“Believe in yourself” might sound like a starry-eyed mantra, but there are tactical ways to implement this important advice. Here are four concrete steps to tuning out the noise that can drown your self-confidence:
Step 1: Tune Out Negative News.
The media is a major culprit of sowing self-doubt. News outlets love to generate negative narratives about the job market in particular. A two-second Internet search just yielded these confidence-bruising headlines:
“4 Reasons the Job Search Is Really Hard”
“The Future of Work for Millennials and Gen Z Is Bleak”
“Not Getting Hired? Maybe People Think You’re Too Old”
“5 Reasons Why Employers Are Not Hiring Vets”
“Why the Gig Economy Doesn’t Really Work for Anyone”
I started to go down the rabbit hole of negative media headlines for additional examples to share with you, and then I realized it would take up the whole book. The point is: demoralizing articles about job hunting and business failures are everywhere and they will do nothing except discourage you. Don’t read them, even when well-meaning friends and family forward them to you. Keep your focus on your own journey.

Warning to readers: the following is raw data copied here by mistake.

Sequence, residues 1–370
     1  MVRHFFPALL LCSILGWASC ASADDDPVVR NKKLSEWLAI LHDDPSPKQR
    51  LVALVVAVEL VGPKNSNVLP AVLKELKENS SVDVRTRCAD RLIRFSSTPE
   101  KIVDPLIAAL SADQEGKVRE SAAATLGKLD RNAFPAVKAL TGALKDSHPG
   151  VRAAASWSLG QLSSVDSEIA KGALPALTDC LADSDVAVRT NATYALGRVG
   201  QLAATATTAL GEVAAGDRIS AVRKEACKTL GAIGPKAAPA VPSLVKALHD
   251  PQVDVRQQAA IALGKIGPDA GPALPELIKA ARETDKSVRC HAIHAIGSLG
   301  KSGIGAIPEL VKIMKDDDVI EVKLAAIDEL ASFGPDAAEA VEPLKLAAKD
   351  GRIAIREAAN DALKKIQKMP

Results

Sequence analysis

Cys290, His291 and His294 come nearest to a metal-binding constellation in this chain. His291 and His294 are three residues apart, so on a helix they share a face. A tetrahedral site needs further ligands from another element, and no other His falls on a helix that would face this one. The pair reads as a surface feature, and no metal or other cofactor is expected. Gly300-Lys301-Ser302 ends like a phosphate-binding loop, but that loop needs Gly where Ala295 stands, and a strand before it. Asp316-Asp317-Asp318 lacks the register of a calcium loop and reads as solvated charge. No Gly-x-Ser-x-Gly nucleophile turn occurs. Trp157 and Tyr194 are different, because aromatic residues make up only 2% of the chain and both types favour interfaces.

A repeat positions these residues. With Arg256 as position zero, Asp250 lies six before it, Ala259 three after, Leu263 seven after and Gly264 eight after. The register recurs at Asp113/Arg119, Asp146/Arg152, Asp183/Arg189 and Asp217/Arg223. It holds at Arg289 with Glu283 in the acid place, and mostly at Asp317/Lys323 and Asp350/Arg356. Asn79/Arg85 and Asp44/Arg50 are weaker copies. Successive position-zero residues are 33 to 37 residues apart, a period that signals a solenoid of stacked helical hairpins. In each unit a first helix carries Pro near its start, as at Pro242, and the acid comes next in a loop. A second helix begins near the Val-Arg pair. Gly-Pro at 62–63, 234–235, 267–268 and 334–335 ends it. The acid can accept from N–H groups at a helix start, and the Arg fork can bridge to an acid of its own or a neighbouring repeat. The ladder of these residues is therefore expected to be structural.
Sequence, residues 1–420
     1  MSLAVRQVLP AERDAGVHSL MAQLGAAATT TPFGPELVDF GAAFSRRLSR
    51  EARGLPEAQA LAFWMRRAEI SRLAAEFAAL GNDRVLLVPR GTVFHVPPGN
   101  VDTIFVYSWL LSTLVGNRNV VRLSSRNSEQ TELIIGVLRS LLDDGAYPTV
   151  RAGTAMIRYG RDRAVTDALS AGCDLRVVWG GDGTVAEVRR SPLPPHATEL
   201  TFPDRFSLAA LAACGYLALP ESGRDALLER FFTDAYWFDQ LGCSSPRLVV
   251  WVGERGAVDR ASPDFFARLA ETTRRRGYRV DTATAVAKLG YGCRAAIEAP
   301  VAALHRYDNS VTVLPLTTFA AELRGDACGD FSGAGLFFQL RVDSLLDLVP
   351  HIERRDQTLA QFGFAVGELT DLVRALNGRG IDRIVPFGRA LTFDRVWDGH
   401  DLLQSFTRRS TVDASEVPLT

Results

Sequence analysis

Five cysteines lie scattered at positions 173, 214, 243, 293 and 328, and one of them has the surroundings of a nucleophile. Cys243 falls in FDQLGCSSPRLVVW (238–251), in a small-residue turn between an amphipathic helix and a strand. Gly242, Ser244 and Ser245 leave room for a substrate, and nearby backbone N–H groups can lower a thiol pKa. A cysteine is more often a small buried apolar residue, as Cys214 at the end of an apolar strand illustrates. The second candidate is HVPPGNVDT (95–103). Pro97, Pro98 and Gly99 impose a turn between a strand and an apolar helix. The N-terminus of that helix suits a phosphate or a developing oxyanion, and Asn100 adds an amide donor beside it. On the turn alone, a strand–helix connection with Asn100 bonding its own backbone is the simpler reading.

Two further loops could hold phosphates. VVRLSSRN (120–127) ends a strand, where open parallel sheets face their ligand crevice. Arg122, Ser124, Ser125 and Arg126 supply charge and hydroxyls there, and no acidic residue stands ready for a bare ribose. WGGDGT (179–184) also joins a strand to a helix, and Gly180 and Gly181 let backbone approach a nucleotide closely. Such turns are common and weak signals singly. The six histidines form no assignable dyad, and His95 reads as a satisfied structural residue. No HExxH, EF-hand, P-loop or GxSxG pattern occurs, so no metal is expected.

Speaking of well-meaning friends and family, sometimes (and I say this with love) you have to tune them out, too.
Step 2: Tune Out Unsupportive Loved Ones.
In my first book, Getting from College to Career, I wrote about “getting rid of the ‘shoulds,’” which more often than not means giving less weight to the opinions of a relative, friend, or significant other about how you should manage your career. While your loved ones can and should support you in your career, sometimes their advice can be unhelpful and even harmful. Even with the best of intentions, they might project their own career desires (or regrets) onto you, or they might give you advice based on an outdated idea of what you want.